'I'm not surprised': Families worry after 2nd incident at Texas City refinery within 2 months

Lileana Pearson Image
Thursday, June 29, 2023
Families worry after 2nd incident at Marathon Petroleum within months
Texas City residents say they're worried after Marathon Petroleum's chemical leak marks the second incident within months, but they're not surprised.

TEXAS CITY, Texas (KTRK) -- ABC13 is pressing Marathon for answers after a Texas Commission on Environmental Quality report indicates it was nearly an hour after a sulfur dioxide leak began that the city became aware it was starting to impact air quality readings. Sulfur dioxide can be deadly in high enough quantities.

Texas City Emergency Management told ABC13 the series of events that played out Tuesday isn't concerning to them, though other people who live in the area say it is.

When Eyewitness News spoke to emergency managers on Tuesday, they said it was shortly before noon that the Marathon refinery reached out to the city to let them know they would be flaring more than usual, but it was no cause for concern.

"Flaring is a normal part of the process. It's a safe way to have that operation maintained while making their oil and gas," Joe Tumbleson, head of Texas City Emergency Management, said.

Then, shortly before 1 p.m., the fire department reported a rotten egg smell, started air quality testing, and alerted emergency management, who reached back out to the plant.

It was at that time the refinery told the city it was having a sulfur dioxide leak in one of its incinerates. Emergency management said it then put part of the city under a shelter-in-place order because even though the readings weren't showing dangerous levels, they were elevated.

"Due to precaution, we wanted to make sure that there weren't any other areas out there that would be higher than that, so we issued a shelter-in-place for the community," Tumbleson said.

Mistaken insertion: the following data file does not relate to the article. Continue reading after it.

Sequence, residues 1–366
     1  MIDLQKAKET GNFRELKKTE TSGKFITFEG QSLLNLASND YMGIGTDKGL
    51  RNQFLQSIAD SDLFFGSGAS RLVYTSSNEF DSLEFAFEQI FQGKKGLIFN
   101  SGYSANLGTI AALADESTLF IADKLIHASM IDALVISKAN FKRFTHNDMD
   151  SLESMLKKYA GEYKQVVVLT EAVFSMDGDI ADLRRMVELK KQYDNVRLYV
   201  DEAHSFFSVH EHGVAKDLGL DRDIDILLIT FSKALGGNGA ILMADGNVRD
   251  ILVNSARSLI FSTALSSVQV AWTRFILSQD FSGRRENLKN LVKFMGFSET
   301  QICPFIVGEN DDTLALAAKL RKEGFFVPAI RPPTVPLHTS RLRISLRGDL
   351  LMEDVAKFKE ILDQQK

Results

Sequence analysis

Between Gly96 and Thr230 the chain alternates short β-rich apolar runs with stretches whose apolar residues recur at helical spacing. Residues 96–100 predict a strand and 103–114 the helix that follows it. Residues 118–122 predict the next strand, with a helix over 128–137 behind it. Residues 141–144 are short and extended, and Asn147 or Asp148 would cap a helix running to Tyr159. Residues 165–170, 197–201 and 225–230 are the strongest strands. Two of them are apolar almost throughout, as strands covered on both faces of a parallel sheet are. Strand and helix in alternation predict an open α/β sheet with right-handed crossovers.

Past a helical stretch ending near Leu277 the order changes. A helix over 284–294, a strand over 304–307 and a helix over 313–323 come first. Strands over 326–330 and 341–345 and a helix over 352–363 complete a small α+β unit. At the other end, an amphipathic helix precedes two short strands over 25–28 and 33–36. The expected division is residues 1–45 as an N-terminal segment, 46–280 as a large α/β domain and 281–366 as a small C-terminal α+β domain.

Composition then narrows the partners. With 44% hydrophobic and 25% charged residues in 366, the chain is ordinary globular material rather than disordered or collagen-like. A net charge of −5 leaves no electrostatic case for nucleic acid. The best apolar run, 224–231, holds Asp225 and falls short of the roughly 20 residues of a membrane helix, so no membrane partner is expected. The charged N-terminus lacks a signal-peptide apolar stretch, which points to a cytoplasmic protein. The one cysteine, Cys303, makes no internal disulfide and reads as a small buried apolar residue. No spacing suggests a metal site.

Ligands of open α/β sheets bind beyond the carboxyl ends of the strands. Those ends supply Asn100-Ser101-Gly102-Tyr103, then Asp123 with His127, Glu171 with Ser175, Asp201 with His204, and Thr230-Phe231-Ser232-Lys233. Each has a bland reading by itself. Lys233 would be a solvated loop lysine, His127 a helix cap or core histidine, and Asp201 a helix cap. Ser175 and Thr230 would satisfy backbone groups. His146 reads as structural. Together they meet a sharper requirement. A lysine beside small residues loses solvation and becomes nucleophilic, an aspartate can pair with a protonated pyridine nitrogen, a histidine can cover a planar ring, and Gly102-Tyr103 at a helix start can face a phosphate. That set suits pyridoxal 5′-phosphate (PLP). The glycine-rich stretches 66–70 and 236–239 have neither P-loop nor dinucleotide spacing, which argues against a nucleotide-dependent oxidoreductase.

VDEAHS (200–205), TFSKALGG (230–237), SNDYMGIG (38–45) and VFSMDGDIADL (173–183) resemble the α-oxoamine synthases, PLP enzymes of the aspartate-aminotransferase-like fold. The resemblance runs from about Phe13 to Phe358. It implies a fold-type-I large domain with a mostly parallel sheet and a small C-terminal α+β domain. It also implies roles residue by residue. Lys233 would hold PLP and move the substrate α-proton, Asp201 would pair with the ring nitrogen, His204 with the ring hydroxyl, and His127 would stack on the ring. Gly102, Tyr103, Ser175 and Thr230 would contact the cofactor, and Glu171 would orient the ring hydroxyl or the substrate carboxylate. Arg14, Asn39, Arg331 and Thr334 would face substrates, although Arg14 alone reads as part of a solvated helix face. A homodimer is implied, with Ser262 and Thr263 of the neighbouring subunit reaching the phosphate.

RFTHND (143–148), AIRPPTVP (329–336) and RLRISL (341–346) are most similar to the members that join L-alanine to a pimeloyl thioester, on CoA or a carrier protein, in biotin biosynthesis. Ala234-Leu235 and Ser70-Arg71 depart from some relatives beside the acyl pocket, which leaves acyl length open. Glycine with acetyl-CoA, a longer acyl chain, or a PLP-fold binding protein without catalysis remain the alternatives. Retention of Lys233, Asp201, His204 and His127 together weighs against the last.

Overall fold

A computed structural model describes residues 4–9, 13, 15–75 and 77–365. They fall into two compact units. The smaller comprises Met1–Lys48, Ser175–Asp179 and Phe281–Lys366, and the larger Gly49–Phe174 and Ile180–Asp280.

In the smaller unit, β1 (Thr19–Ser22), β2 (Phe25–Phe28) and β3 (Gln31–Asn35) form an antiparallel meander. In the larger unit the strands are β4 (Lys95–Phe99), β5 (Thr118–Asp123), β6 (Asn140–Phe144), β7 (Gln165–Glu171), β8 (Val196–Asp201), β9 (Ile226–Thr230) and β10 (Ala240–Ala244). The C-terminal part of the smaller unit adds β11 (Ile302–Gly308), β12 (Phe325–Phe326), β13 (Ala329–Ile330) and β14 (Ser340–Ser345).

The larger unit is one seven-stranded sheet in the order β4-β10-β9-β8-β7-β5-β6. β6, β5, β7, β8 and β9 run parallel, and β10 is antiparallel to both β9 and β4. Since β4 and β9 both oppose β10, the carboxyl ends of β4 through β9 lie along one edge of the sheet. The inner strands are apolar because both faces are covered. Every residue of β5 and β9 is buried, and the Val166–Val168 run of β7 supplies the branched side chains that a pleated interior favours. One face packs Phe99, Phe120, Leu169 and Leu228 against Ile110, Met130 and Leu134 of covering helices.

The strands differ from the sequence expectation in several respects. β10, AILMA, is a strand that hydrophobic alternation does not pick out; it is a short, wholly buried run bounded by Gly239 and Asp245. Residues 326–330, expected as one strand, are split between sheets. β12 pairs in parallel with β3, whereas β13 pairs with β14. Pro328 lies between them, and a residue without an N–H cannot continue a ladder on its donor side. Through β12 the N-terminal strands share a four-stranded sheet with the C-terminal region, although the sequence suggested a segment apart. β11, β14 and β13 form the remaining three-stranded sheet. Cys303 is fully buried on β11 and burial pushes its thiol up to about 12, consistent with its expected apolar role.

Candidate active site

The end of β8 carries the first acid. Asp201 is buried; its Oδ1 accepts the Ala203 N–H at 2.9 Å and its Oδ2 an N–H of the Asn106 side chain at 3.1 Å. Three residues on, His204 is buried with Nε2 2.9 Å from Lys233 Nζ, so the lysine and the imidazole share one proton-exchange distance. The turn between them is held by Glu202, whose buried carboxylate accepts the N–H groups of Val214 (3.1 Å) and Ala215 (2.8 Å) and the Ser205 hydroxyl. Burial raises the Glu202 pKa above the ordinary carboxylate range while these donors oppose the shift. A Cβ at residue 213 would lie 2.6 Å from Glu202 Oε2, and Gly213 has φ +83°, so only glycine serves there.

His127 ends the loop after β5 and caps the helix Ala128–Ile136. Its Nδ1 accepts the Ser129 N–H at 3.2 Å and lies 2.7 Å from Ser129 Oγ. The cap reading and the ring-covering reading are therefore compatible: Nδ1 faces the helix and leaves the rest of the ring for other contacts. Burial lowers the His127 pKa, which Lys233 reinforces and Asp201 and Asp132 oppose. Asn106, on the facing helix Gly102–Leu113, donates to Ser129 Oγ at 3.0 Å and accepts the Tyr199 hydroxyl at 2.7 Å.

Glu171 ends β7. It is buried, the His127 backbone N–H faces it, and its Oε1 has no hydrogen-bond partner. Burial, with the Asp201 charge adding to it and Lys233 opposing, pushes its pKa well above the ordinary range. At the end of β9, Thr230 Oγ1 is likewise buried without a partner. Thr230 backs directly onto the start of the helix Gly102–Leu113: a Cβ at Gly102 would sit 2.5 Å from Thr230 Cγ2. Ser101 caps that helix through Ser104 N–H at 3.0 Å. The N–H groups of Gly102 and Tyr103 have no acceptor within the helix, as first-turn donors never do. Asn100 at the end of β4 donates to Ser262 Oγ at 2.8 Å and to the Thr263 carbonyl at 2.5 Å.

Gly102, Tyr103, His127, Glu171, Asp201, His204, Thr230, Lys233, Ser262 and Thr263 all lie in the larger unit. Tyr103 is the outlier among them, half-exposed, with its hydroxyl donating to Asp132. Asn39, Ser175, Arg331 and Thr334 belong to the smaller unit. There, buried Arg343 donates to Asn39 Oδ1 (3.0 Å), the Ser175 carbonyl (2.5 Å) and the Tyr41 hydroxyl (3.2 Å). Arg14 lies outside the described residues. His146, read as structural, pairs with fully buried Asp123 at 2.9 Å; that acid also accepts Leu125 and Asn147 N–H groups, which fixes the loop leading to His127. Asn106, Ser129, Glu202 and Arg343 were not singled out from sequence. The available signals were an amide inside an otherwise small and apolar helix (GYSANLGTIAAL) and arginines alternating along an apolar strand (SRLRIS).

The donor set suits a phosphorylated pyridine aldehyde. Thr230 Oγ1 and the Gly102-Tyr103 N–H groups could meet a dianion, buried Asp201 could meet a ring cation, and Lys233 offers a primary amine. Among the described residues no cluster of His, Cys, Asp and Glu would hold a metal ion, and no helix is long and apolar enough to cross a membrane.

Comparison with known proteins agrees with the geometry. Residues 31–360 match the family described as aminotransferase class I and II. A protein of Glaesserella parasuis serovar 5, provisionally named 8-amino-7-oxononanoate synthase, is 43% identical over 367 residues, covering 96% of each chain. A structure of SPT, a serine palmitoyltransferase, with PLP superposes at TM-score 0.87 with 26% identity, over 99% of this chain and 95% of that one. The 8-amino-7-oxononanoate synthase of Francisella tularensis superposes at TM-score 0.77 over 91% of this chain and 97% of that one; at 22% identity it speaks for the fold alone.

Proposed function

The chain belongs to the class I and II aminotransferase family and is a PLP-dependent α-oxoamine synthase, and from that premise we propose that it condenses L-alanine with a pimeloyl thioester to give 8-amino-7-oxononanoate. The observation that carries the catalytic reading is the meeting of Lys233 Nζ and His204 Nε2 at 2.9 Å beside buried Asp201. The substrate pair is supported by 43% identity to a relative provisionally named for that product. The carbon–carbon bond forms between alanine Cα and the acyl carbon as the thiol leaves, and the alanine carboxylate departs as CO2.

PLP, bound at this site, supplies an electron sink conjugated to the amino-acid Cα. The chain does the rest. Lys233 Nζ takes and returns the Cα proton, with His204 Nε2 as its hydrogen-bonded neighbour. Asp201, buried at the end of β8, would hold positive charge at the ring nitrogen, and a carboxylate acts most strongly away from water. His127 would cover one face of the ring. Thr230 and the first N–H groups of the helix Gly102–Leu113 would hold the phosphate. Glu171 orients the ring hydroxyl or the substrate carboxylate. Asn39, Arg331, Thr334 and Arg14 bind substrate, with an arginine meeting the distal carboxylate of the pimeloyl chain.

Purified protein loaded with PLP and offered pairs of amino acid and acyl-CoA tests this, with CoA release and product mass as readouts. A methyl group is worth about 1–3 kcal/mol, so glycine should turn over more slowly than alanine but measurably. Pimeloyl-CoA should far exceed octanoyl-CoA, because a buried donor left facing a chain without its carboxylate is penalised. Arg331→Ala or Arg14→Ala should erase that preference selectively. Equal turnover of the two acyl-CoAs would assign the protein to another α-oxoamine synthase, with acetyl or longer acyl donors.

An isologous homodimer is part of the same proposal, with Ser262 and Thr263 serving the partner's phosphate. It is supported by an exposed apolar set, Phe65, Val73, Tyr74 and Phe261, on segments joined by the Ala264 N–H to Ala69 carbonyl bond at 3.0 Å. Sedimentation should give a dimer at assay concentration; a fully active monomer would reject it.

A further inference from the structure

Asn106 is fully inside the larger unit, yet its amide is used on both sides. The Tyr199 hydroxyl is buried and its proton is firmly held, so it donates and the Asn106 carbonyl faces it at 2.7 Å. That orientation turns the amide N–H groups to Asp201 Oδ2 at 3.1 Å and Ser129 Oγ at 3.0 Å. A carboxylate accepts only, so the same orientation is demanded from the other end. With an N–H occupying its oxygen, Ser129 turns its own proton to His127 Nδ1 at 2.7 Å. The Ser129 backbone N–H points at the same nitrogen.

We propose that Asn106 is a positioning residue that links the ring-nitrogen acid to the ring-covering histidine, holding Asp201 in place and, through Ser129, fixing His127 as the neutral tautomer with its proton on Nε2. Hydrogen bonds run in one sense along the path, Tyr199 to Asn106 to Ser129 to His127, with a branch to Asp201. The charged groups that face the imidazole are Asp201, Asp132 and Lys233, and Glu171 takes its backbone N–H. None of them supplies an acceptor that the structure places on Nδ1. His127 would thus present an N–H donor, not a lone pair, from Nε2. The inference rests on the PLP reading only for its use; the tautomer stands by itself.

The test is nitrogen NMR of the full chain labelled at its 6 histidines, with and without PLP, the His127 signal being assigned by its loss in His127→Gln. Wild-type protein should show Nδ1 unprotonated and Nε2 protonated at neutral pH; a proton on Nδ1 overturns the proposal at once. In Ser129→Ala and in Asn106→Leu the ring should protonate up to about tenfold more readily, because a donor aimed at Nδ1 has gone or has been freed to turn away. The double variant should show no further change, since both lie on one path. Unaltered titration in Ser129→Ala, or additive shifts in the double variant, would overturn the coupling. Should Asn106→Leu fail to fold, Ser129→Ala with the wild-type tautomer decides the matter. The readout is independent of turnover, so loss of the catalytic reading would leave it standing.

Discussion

According to a TCEQ report obtained by ABC13, the refinery knew at 11:53 a.m. that a sulfur recovery unit tripped, resulting in the release of 1,300 pounds of sulfur dioxide.

Emergency management said that call they got about the flaring was probably the start of that leak, but it wasn't until just before 1 p.m. that city officials reached out to the plant themselves and became aware it was, in fact, an issue with an incinerator.

ABC13 asked Texas City Mayor Dedrick Johnson about this hourlong window between calls for flaring and the shelter-in-place. He wouldn't go on camera but said if that were the case, he would be very concerned.

One Texas City resident said that's information that, unfortunately, doesn't surprise her.

"There are more leaks than we think. You know, we don't know every single leak they have," Tyona Villalobas said.

The same Marathon refinery also had a deadly fire back on May 15. Tony Buzbee is the lawyer who represents the family of Scott Higgins, the man who died in the fire.

"We're told it was because of a leaky pump, and we haven't been told too much other than that we've had to sue to try and get some information, and it seems to me Marathon has kind of a history of not telling the public what is going on," Buzbee said.

Several others went to the hospital and reported being injured in the incident. Mo Aziz is a lawyer representing six contractors who were working at the refinery that day.

"When you have repeated leaks or uncontrolled releases, that is evidence that the process is not being safely managed," Aziz said.

Both lawyers said this refinery has a history of dangerous and deadly incidents when it was owned by British Petroleum (BP), and now that it's owned by Marathon, families of those hurt and killed are calling for two issues: more checks and balances and more transparency.

"I can tell you I'm not surprised. There is a cloak of secrecy over that plant, and when things happen, they fail to tell people what's going on and the people nearby what's going on," Buzbee said.

"The fact that they are having continuous and recurrent leaks into the atmosphere, what happened a few months ago, what happened again, that shows that process safety management principles are not being met," Aziz said.

Both agree residents in Texas City shouldn't see a shelter-in-place and alarms as the norm.

"I don't want to tell the folks in Texas City and La Marque that you should be terrified, but I would say that Marathon is not very forthcoming about what is happening in its plant," Aziz said.

Marathon has said it is investigating the incident. ABC13 has reached out to them with additional questions Wednesday, but we have not heard back.

ABC13 notes that the Texas City mayor is employed by the Marathon refinery. While not unusual for mayors to hold second jobs in the community, Eyewitness News did bring it up with the mayor. He told ABC13 he isn't involved in the part of the operation dealing with these incidents and doesn't see a conflict of interest.

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